I'm trying to parse a simple grammar using an LALR(1) parser generator (Bison, but the problem is not specific to that tool), and I'm hitting a shift-reduce conflict. The docs and other sources I've found about fixing these tend to say one or more of the following:
- If the grammar is ambiguous (e.g. if-then-else ambiguity), change the language to fix the ambiguity.
- If it's an operator precedence issue, specify precedence explicitly.
- Accept the default resolution and tell the generator not to complain about it.
However, none of these seem to apply to my situation: the grammar is unambiguous so far as I can tell (though of course it's ambiguous with only one character of lookahead), it has only one operator, and the default resolution leads to parse errors on correctly-formed input. Are there any techniques for reworking the definition of a grammar to remove shift-reduce conflicts that don't fall into the above buckets?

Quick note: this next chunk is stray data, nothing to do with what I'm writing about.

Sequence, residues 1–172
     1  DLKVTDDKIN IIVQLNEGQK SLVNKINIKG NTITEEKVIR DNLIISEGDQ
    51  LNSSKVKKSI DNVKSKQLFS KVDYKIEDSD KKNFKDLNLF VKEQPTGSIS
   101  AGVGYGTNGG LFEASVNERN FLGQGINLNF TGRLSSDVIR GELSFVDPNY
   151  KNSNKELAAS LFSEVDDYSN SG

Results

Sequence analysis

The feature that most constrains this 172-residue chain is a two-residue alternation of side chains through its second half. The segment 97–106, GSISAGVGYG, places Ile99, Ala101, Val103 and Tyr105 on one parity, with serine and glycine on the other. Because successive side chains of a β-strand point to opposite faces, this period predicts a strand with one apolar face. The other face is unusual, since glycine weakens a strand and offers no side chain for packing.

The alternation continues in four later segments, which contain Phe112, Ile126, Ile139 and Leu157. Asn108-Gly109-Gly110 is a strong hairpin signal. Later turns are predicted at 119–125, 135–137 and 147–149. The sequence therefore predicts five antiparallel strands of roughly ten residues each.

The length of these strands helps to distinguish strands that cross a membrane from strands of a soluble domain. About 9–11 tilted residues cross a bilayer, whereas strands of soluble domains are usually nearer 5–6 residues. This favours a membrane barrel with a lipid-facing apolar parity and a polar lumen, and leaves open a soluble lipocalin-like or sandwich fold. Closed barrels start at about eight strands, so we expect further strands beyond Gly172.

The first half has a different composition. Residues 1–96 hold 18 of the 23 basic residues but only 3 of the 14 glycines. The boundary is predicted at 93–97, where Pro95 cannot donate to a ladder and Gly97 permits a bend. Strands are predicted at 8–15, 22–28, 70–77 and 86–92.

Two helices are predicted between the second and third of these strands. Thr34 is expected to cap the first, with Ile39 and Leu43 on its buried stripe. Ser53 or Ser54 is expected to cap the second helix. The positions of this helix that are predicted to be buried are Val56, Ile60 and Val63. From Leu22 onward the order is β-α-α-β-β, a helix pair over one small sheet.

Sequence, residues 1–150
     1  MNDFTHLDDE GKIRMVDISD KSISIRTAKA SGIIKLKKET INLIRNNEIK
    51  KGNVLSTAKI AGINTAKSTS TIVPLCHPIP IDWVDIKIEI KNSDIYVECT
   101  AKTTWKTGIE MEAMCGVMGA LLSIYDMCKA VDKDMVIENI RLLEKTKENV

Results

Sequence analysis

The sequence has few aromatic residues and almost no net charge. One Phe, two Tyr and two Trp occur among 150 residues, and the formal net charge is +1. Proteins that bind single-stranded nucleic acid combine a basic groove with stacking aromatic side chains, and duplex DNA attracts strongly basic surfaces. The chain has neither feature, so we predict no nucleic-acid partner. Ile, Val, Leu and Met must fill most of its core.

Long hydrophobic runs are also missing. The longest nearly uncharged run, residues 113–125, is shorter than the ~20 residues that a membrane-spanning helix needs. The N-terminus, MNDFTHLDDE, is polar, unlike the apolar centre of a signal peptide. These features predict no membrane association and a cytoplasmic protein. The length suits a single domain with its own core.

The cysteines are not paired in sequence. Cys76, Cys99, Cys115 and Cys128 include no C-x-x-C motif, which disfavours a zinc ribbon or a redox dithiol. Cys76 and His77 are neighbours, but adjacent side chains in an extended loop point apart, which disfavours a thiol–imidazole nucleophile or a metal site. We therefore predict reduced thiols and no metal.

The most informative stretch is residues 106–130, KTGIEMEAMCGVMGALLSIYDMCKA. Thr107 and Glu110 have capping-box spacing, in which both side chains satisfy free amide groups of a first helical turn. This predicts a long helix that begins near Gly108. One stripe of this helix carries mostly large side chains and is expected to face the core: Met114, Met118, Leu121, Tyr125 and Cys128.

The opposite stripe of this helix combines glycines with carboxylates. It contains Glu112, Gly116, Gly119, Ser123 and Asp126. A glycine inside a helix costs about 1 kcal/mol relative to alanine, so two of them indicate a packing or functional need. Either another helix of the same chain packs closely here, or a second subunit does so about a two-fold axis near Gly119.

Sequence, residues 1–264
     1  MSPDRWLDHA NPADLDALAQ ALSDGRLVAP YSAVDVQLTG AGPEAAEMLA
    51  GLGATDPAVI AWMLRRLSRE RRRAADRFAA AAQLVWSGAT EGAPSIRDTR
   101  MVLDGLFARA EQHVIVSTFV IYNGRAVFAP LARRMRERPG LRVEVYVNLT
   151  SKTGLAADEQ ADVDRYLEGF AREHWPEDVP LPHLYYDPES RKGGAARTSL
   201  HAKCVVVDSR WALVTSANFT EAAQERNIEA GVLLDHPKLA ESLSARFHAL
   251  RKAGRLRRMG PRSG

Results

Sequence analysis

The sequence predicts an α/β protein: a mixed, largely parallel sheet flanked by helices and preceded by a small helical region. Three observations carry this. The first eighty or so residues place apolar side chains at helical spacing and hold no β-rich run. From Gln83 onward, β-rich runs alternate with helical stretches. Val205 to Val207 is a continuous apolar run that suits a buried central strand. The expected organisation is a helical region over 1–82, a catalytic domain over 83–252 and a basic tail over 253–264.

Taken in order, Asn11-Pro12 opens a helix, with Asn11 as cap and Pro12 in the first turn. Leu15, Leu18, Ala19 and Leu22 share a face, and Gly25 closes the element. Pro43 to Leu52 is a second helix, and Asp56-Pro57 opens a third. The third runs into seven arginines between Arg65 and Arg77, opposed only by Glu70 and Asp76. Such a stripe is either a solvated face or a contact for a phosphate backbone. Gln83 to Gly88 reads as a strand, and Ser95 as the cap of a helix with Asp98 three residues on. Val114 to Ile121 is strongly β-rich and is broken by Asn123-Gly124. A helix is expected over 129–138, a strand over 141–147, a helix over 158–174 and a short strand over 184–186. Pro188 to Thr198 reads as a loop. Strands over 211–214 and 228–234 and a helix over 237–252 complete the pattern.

For concreteness, here's the grammar in question:
%token LETTER %% %start input; input: /* empty */ | input input_elt; input_elt: rule | statement; statement: successor ';'; rule: LETTER "->" successor ';'; successor: /* empty */ | successor LETTER; %%
The intent is to parse semicolon-separated lines of the form "[A-Za-z]+" or "[A-Za-z] -> [A-Za-z]+".